The Truth About Sharks

Sharks stole the show during the Super Bowl Half Time Show. Flanking Katy Perry, two dancers in plush shark costumes cavorted through her performance of “Teenage Dream.” In particular the shark on the left, deemed “Left Shark” by the internet and media, captured our attention with his awkward dance moves. These soft and friendly sharks are a sharp contrast to the famous depictions of sharks in “Jaws” and more recently, “Sharknado” where they are portrayed as unrelenting and scheming predators in pursuit of human flesh.

Movies like these have distorted the public’s perception of the predator making them one of the most misunderstood and imperiled animal groups in the world. To increase your understanding of and appreciation for sharks, join us this spring for “Unlocking the Mysteries of Sharks.”

iStock_000008443887LargeNaturalist Glenn Olsen will be presenting one of the lectures in this five-session course entitled, “The Gulf of Mexico as an Incubator of Marine Life.” He offers some insights into the sharks that are our closest neighbors. “Although the population or numbers of a species are not great, we have a wide variety of species of sharks that use the Gulf at some point in their life. Not all species are present year round and some are found along the coast and others in deeper waters.” He reminds us that none of these species “are a real threat to humans.”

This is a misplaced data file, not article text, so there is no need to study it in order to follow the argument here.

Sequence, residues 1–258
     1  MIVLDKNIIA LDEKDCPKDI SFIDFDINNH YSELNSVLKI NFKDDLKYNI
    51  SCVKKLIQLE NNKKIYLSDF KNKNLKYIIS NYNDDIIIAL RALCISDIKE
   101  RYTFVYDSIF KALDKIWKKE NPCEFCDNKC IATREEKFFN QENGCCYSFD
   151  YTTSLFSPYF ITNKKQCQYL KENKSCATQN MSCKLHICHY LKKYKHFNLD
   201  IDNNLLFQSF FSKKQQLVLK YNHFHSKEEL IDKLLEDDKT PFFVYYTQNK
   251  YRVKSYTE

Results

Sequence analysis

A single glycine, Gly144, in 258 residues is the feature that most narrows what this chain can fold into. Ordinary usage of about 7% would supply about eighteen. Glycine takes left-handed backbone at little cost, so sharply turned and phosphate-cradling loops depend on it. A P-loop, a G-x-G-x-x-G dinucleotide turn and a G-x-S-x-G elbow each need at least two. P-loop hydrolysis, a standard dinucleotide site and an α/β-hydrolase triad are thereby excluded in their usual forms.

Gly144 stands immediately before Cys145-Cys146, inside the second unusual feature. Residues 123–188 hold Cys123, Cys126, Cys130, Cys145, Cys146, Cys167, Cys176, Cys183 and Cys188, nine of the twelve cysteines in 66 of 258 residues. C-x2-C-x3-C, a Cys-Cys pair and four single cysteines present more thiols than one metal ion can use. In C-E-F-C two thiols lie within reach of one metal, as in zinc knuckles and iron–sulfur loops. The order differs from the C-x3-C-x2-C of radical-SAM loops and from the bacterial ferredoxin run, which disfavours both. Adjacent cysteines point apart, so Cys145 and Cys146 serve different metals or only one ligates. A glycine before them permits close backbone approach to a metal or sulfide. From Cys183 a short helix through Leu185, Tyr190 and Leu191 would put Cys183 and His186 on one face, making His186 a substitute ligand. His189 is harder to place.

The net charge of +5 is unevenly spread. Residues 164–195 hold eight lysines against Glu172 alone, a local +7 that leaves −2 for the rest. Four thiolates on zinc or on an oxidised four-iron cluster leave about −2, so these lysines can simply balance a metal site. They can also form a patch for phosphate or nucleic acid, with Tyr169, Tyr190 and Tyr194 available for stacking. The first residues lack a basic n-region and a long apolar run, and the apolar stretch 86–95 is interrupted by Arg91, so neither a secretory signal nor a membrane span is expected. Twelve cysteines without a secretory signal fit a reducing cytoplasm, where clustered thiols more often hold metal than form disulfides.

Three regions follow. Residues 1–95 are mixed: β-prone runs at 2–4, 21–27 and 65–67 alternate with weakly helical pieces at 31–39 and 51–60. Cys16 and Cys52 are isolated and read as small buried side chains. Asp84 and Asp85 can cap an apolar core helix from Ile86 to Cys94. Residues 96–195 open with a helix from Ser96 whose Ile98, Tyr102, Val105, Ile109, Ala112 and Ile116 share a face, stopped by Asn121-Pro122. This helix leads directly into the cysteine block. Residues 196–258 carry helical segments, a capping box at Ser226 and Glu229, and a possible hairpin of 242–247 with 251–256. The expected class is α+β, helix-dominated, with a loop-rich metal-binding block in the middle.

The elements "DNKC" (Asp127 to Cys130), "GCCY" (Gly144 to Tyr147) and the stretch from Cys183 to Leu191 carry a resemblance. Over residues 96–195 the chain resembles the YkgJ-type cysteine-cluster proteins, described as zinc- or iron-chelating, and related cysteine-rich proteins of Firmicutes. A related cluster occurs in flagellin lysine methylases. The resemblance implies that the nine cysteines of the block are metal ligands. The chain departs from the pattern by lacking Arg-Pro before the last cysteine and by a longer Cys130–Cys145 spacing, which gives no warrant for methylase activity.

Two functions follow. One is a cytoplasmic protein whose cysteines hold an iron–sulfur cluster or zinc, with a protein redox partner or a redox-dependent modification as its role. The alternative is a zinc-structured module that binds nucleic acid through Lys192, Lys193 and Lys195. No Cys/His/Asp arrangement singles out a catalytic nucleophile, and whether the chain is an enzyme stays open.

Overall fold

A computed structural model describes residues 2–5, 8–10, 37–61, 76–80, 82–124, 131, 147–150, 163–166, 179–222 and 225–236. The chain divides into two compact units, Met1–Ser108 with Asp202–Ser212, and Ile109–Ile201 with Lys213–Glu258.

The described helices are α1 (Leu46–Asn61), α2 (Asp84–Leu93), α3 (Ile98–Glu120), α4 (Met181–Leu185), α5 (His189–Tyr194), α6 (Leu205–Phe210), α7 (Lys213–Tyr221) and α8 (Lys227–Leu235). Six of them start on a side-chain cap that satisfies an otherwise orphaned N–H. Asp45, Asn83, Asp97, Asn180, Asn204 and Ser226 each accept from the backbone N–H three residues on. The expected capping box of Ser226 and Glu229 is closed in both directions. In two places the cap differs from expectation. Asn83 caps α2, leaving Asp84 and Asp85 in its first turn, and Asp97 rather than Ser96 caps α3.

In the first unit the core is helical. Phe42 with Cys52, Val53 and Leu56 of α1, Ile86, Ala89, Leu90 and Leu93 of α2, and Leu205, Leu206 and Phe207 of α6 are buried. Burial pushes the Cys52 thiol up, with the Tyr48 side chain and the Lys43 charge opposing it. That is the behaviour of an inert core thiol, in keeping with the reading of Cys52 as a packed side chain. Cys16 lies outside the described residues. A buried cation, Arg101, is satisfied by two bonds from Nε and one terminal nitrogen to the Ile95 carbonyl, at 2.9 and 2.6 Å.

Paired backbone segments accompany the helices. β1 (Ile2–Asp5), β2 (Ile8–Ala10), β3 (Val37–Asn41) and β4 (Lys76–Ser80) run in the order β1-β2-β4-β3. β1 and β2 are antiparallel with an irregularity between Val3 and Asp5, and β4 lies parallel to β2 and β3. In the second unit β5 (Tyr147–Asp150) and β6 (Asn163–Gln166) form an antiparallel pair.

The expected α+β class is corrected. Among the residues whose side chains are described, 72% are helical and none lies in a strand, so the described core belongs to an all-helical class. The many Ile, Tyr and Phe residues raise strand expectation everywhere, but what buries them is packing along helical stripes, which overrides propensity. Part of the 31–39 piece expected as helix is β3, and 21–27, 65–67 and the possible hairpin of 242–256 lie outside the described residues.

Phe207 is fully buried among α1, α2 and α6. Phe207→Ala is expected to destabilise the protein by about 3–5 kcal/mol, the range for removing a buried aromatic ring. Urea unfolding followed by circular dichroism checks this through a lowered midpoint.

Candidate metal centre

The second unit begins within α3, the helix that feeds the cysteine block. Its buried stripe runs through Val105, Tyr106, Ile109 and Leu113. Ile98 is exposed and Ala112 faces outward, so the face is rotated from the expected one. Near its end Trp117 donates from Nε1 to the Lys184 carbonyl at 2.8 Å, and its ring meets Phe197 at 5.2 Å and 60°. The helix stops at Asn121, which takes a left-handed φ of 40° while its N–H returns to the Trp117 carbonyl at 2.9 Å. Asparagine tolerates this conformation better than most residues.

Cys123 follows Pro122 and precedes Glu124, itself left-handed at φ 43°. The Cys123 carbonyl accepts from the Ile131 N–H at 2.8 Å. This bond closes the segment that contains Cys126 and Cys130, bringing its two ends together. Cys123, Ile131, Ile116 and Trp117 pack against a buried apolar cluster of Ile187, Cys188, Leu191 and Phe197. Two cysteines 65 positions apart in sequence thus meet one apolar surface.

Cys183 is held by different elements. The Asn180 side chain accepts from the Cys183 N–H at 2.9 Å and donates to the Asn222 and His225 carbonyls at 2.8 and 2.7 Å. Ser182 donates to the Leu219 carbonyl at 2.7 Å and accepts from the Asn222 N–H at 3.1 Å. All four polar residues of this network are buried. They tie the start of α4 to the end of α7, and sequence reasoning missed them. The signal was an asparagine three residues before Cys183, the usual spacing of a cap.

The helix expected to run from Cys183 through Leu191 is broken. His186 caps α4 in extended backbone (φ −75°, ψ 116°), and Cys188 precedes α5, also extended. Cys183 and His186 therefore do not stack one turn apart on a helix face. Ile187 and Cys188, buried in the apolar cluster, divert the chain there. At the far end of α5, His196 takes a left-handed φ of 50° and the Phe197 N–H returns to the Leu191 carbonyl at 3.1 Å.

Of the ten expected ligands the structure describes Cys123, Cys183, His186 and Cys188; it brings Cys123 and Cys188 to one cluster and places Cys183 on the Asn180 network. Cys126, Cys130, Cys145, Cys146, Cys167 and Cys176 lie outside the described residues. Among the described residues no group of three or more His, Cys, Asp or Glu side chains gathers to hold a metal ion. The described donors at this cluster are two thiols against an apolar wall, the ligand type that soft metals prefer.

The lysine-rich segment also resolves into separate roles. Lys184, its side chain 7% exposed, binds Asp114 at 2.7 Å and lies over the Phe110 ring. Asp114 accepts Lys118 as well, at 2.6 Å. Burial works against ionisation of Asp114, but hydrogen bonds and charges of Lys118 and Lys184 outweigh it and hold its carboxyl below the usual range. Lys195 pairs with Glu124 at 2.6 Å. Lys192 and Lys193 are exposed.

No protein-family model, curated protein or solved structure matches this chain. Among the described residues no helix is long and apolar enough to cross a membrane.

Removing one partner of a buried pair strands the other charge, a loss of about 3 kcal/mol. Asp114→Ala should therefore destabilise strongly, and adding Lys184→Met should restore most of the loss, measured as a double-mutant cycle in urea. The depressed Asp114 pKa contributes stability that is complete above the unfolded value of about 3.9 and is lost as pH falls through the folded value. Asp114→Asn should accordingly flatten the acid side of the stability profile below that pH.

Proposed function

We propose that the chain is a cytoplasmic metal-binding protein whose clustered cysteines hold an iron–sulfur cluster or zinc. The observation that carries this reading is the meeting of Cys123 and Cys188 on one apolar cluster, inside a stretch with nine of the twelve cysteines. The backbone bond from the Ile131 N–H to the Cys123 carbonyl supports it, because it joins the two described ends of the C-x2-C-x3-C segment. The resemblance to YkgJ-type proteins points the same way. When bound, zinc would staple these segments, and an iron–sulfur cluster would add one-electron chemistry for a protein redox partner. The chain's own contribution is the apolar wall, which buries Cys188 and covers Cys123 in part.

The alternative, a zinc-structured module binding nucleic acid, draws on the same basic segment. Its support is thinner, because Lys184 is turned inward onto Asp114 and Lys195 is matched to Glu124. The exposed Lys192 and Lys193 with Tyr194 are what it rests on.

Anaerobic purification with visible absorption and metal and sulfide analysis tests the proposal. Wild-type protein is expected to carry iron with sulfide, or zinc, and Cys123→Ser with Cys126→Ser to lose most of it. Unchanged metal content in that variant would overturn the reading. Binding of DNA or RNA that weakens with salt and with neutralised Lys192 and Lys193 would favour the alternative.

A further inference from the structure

This course also hopes to raise awareness of the growing threats sharks face from humans. Olsen elaborates: “One idea that I would like for people to know is that for many of sharks that occur in the Gulf of Mexico, their populations are vulnerable or near threatened. So if the trend continues, we will have many of them entering into the endangered category. Many species of shark populations have declined by 50 to 80 percent in the last 30 years due primarily to overfishing, habitat loss and use of the wasteful longlines for fishing.” In this light, sharks are the victims.

Neither inherently evil nor cuddly-cute, sharks have always generated distorted and inaccurate press. To learn more about the species and their vital role in our ecosystem, and help shatter the shark stereotype, register today. The final session of this course will be held inside the Houston Museum of Natural Science’s Shark! exhibition.

Laura Bailey


Laura Bailey, Marketing Coordinator

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